VIDEO: Ambitious plans for £30m development at Bakers Quay
By Sarah Wood | 31st January 2023
The southern gateway to Gloucester Quays could soon be home to Gloucester's most energy efficient residential building. That's the aspiration of Adrian Goodall, director of Rokeby Merchant Developments Ltd.
The area behind Gloucester Quays has been derelict for 25 years. Phase 1 of the Bakers Quay development, completed in 2018, brought a 104-bed Premier Inn, 47 apartments and a Costa drive-thru to the area.
Now plans have been revealed for a £30 million landmark building for Phase 2, to complete the development.
Rokeby Merchant Developments Ltd has submitted plans to Gloucester City Council to partially demolish and restore the derelict Downings Malthouse and the High Orchard Street Warehouse, and build a 10-storey block of flats.
With a total of 117 apartments, ranging from studio to three bedrooms, the proposal is for Gloucester's most energy efficient building, whilst also restoring the heritage of the site.
Adrian Goodall said: "What we are hoping to achieve is the restoration of the last two listed, but derelict buildings, to mark the completion of the dock's regeneration.
"I think it will provide an overall uplift to the whole of the area - the gateway to the Quays and the rest of the city."
He continued: "We're very keen to preserve the Downings malthouse, built in the late 1800s. We've already lost the first warehouse building in the 1950s and that's why it's so important to retain this last building."
Building a 10-storey apartment block is the only way to mitigate and spread the cost of the project. Without planning permission for the ambitious development, the derelict space is likely to remain for many years to come.
Mr Goodall said: "The biggest challenge for us, is that we are looking to provide one of the first low energy, low carbon buildings in Gloucester Docks. We have designed an energy strategy which minimises energy use and carbon emissions.
"We have achieved this through design-led low U-values (the rate of heat transfer), low air permeability, low energy usage and the use of air source heat pumps with passive heat recovery.
"We are proposing a specialist innovative design, using internal and external heat pumps working in tandem to provide heat for space heating and hot water. The space heating will have efficiencies of 400 per cent, meaning for every kWh of electricity used, 4kWh of heat energy will be transferred from external atmosphere into the building, for use as space heating. PV will be erected on the roof to provide power to the heat pumps."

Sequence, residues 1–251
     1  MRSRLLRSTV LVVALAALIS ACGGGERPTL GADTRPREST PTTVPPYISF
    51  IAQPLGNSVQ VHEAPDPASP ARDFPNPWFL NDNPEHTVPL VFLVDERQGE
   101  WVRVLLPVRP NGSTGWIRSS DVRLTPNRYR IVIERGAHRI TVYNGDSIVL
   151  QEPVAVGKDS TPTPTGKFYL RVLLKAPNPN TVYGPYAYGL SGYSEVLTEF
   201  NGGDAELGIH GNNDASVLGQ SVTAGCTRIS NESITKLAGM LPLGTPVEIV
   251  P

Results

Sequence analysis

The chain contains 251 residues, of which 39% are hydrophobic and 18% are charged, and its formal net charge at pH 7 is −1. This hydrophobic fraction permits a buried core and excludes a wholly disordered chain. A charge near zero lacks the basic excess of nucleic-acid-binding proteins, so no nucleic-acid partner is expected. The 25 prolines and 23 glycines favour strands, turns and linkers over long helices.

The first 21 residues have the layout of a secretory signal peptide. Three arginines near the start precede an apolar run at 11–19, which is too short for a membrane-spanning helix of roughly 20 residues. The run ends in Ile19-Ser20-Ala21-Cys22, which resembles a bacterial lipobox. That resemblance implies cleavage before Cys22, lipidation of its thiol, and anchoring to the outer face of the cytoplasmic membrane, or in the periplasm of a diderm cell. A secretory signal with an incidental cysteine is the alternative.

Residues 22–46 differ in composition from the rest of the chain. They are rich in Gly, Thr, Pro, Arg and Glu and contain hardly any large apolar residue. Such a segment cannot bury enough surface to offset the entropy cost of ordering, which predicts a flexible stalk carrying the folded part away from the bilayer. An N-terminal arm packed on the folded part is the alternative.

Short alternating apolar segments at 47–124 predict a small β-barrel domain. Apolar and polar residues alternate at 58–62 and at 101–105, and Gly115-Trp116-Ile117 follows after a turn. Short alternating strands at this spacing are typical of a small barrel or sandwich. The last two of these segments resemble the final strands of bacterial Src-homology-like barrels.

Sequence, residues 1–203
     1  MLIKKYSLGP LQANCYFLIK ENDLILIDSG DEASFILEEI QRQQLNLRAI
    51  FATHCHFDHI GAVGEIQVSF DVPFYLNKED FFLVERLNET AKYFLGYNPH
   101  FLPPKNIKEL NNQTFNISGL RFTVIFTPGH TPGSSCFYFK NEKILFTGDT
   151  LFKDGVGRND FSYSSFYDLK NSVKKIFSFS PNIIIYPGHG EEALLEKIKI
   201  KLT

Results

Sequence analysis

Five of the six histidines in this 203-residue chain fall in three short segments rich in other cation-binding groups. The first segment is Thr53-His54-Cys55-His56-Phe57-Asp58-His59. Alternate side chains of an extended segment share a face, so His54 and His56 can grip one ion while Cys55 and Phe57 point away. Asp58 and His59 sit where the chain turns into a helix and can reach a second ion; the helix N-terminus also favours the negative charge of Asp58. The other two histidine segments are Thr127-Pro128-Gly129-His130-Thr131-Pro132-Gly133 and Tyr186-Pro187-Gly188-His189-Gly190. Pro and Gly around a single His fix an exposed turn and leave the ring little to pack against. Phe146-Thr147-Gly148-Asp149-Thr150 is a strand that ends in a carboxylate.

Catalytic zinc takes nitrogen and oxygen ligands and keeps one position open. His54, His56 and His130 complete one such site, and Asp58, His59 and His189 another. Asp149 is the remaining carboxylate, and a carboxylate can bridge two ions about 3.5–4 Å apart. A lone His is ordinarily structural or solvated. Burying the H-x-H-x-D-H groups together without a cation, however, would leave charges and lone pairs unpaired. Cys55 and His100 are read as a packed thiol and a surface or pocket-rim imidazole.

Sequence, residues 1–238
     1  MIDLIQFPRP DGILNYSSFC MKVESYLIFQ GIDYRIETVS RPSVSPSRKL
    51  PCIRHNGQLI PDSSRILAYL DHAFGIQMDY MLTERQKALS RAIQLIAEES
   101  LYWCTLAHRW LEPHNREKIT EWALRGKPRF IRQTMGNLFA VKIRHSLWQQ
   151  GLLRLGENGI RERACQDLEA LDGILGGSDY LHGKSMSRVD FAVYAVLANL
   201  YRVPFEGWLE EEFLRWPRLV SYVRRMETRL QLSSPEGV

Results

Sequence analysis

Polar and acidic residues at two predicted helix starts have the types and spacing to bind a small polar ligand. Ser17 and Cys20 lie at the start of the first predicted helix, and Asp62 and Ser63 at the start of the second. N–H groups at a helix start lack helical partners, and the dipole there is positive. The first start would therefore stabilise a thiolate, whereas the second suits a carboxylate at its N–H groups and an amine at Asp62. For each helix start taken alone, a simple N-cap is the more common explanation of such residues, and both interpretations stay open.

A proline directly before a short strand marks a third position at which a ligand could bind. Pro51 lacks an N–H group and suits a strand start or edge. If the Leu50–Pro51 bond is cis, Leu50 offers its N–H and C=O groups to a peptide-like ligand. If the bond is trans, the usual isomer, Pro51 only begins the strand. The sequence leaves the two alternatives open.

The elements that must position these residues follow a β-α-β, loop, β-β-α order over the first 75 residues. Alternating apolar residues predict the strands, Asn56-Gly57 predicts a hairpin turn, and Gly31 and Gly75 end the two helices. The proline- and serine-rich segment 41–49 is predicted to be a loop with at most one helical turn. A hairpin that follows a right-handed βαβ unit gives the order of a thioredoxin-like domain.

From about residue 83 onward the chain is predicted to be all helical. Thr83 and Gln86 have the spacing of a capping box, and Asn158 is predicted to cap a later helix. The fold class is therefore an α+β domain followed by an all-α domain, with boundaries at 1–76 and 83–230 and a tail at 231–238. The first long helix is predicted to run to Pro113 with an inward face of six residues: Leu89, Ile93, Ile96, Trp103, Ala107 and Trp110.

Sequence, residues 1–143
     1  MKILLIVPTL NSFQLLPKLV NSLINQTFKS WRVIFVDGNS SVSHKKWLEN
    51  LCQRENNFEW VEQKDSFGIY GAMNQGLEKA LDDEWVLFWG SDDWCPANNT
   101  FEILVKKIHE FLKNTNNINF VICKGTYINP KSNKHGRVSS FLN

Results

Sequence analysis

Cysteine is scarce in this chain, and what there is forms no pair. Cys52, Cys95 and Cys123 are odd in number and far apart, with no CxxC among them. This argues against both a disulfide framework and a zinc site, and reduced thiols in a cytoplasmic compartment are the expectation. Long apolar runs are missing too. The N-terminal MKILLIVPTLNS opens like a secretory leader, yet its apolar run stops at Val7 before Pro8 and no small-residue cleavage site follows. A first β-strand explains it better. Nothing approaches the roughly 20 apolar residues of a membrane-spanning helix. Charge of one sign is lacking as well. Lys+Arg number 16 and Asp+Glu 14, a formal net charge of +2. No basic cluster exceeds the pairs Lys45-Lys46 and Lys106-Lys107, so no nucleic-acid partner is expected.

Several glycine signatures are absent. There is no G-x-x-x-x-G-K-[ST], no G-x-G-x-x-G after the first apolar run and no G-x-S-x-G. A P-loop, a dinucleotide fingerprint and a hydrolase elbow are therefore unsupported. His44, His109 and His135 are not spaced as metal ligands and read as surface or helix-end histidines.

Apartment owners will have the opportunity to top up the heat further and will also benefit from HMVR heat exchangers, stripping heat out of the kitchen and bathrooms.
Mr Goodall said: "Based upon current electric costs, we estimate the owner of a two-bedroom apartment could save up to £1,800 per year in electric costs. This represents a 50 per cent fuel cost saving compared to a direct electric system and avoids the use of fossil fuels.
"We are also aiming for a 50 per cent reduction in carbon emissions per apartment, compared to a direct electric system, and up to 80 per cent reduction compared to a gas system."
The development will also have EV charging facilities in all car parking spaces, both in the basement and externally.
Mr Goodall continued: "We have responded to not just the energy crisis, but also to lockdown. The building will have an 'electronic backbone', so wherever you go in the building, it will still be contactable on the Wi-Fi. You'll be able to programme delivery of internet shopping into lockers in the building.
"We've tried to make this a very intelligent building. There will be allocated work zones in each apartment and provision of ground floor breakout space in each building."
The proposals, designed by Gloucester-based Roberts Limbrick architects, are for the restoration of Downings Malthouse to provide 49 flats and breakout and cafe floorspace on the ground floor.
The new Downings Tower building will comprise a basement, ground and nine upper floors, and will sit on the site of the former concrete silo and High Orchard Street Kiln.
With construction costs continuing to rise, the aim is to mitigate the final asking price for buyers through economies of scale - constructing a taller building with more apartments.
Mr Goodall said prices will be finalised later this year, but is hoping they will start from around £159,000.
Subject to planning approval, works are expected to start in March or April, with an 80 week build schedule.
For more information, go to www.downingsapartments.co.uk.
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